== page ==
26 September 2011

unschool monday :: the cost


So it pretty much goes without saying... you don't home educate if you want to be wildly affluent and independently wealthy. In the short term, at least. It's a labour of love, rewarding in so many ways other than financial, and all that... Actually, we're extremely fortunate to be in the position where I'm able to be at home with the owlets full time. But it wasn't always this way...

Once upon a time, I used to work from home and got to a point where the work just wasn't worth the time away from the owlets. It was going solely towards paying Big Owlet's kindergarten fees, plus a small saving for the coming year. We were paying a huge mortgage and scraping by. Then one night, in a fit of dissatisfaction, I decided to quit my job. And unschool the owlets instead. "Ok". Said Huz, and so we began. We looked at the financial side of it first and decided it wasn't as scary as we thought, going to just one income, from one and a half...


Once we took out school fees (and potential school fees, as they were rising year by year), school camps and extras, equipment, and travel (Oh my goodness the travel! Twenty-five minutes in the car, each way, four times a day), and multiplied it by the number of owlets we could envisage filling our nest... It started to look do-able. Next we looked at the local public school and when uniforms, equipment, outings, camps, extra-curricular activities were all added up, unschooling still looked good on paper. We'd have to stick to a tight budget, maybe grow our own food, but that was one of the benefits of unschooling. Who needs a kitchen garden program, when you have a garden with food and every cookbook you could wish for and unlimited access? And when the whole world is your classroom, the cost can be worked around creatively, right?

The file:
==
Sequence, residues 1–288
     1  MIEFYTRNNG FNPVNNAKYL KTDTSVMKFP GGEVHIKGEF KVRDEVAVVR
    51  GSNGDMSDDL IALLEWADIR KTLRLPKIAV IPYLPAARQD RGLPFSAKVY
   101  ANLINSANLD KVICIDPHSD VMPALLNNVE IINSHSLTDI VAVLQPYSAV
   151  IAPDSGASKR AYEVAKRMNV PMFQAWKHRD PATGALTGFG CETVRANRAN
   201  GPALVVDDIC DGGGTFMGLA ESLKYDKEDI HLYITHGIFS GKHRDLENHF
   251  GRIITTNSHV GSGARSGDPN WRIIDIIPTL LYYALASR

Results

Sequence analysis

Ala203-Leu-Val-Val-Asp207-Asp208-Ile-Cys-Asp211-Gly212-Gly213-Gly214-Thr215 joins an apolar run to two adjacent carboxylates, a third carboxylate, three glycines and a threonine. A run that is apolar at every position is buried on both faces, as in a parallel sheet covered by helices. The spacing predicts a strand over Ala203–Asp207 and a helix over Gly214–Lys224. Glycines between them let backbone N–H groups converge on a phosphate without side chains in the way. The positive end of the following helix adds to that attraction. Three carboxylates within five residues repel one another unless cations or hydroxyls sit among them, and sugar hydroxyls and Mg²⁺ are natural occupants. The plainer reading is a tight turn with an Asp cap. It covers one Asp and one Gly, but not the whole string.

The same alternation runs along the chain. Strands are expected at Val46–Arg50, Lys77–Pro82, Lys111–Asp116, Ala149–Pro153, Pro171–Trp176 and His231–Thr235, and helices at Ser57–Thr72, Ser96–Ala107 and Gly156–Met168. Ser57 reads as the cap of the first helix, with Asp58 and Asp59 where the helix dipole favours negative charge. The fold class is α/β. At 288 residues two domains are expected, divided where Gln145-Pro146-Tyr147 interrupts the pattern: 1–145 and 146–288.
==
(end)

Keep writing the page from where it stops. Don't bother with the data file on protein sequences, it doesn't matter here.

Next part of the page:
So now we're bona fide unschoolers, here's how it works... About 50% of our income goes towards our mortgage. Any financial advisor will tell you this is not good. But that's how we roll. We're in it for love, not money and this nest is part of the lifestyle and the place where we make memories and owlets learn. So, we're paying more than we should. Add to that all the bills, which are somewhat increased because we are home most days, rather than in school and an office. Electricity is possibly higher. Clothing is mostly second hand or handmade. You'd be surprised how much beautiful second hand designer children's clothing is available on the internet. For a pittance. Food costs possibly the same. But, I can gear our weekly meal plan according to how much money we have to spend and be a little flexible with that because I don't have to fill a lunchbox, just hungry tummies. Instead of tuck shop lunches, we go out and this is where it gets costly, especially on days where I don't feel like cooking. But, we can eat porridge or pasta for lunch if that's all that's available...

Resources. Here's the big one. Unschooling works when you strew materials and ideas for children to spark their interest and help them follow a learning path... We strew resources found at the library, free online sites, garage sales, op shops...